analyzes price changes and their impact on total revenues. The rapid feedback now obtainable through computer communications networks enables managers to determine the results of pricing decisions much more quickly than in the past. This ability facilitates more aggressive pricing strategies, which can be quickly adjusted to meet market needs. One critical pricing decision is when to mark down product prices. Using sophisticated software, ShopKo has been able to reduce the number and amount of price cuts, which has helped increase profitability. Sales analysis is also important to identify products, sales personnel, and customers that contribute to profits and those that do not. Several reports can be generated to help marketing managers make good sales decisions. The sales-by-product report lists all major products and their sales for a period of time, such as a month. This report shows which products are doing well and which ones need improvement or should be discarded altogether. The sales-bysalesperson report lists total sales for each salesperson for each week or month. This report can also be subdivided by product to show which products are being sold by each salesperson. The sales-bycustomer report is a tool to use to identify high- and low-volume customers. HUMAN RESOURCE MANAGEMENT INFORMATION SYSTEMS A human resource MIS, also called the personnel MIS, is concerned with activities related to employees and potential employees of the organization. Because the personnel function relates to all other functional areas in the business, human resource MIS plays a valuable role in ensuring organizational success. Some of the activities performed by this important MIS include workforce analysis and planning; hiring; training; job and task assignment; and many other personnel-related issues. Personnel issues can include offering new hires attractive stock option and incentive programs. One 20 company, for example, offered engineers a two-year lease on a sporty BMW roadster as a signing bonus. An effective human resource MIS will allow a company to keep personnel costs at; a minimum while serving the required business processes needed to achieve corporate goals. One of the first aspects of any human resource MIS is determining personnel and human needs. The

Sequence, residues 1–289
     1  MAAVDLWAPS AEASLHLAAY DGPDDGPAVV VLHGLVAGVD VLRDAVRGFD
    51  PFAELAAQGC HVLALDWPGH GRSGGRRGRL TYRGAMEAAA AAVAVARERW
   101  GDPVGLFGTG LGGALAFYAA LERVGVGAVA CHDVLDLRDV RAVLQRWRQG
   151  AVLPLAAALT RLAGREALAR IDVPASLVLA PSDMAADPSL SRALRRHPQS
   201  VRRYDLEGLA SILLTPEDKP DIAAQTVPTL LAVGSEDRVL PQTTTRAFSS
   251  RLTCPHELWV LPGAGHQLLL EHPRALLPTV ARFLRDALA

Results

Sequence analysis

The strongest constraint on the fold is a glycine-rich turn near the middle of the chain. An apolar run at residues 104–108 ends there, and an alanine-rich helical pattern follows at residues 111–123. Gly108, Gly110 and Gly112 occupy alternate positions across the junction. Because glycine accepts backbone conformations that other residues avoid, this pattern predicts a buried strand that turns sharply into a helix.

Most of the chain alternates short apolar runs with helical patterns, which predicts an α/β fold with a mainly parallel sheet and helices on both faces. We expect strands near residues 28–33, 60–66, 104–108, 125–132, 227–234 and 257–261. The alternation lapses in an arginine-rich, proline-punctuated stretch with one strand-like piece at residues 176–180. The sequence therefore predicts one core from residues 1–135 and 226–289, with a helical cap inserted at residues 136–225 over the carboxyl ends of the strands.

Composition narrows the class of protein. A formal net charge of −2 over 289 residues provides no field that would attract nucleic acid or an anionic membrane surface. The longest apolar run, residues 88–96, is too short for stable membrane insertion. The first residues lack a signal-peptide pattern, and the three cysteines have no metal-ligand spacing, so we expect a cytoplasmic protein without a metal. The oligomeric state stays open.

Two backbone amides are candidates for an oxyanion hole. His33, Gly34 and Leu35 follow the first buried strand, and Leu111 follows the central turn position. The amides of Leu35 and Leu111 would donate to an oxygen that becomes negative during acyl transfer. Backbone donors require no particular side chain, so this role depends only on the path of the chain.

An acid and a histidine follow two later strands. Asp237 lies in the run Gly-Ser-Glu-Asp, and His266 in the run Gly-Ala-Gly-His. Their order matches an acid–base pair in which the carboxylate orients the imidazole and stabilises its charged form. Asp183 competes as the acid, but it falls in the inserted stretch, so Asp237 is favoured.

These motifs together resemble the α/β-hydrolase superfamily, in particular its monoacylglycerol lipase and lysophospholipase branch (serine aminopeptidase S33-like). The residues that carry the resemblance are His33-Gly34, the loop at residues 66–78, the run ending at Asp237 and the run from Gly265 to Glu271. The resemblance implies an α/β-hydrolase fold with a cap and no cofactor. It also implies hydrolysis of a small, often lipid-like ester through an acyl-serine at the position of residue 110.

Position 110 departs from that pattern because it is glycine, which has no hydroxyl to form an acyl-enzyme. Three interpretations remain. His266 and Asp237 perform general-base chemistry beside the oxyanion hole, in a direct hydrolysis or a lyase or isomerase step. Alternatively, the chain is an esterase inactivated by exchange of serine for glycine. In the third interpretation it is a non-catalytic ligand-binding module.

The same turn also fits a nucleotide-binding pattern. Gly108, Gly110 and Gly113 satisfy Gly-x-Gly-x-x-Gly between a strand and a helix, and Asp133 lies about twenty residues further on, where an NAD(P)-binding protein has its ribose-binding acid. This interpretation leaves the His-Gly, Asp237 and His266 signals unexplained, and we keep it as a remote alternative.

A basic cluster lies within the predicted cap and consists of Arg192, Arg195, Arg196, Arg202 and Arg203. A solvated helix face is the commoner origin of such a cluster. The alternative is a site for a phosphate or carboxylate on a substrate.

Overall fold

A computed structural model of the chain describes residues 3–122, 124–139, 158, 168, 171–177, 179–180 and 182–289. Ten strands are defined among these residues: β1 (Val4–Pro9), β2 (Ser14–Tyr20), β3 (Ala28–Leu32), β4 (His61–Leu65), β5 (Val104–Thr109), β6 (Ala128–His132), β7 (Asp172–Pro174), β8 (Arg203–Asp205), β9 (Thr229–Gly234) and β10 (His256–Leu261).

overall purpose of this MIS subsystem is to put the right number and kinds of employees in the right jobs when they are needed. Effective human resource planning requires defining the future number of employees needed and anticipating the future supply of people for these jobs. For firms involved with large projects, such as military contractors and large builders, human resource plans can be generated directly from data on current and future-projects. If the human resource plan reveals that additional personnel are required, the next logical step is recruiting and selecting personnel. This subsystem performs one of the most important and critical functions of any organization, especially in service organizations, where employees can define the company's success. Firms seeking new employees often use computers to schedule recruiting efforts and trips and to test potential employees' skills. Some software firms, for example, use computerized testing to determine a person's programming skills and abilities. Management information systems can be used to help rank and select potential employees. For every applicant, the results of interviews, tests, and company visits can be analyzed by the system and printed. This report, called a job applicant review profile, can assist corporate recruiting teams in final selection. Some software programs can even analyze this data to help identify job applicants most likely to stay with the company and perform according to corporate standards. Many firms now use the Internet to screen for job applicants. Applicants use a template to load their resume onto the Internet site. HR managers can then access these resumes and identify applicants they are interested in interviewing. Some jobs, such as programming, equipment repair, and tax preparation, require very specific training. Other jobs may require general training about the organizational culture, orientation, dress standards, and expectations of the organization. Today, many organizations conduct their own training, with the assistance of information systems and technology. Self-paced training can involve computerized tutorials, video programs, and CD-ROM books and materials. Distance learning, where training and classes are conducted over the Internet, is also becoming a viable alternative to more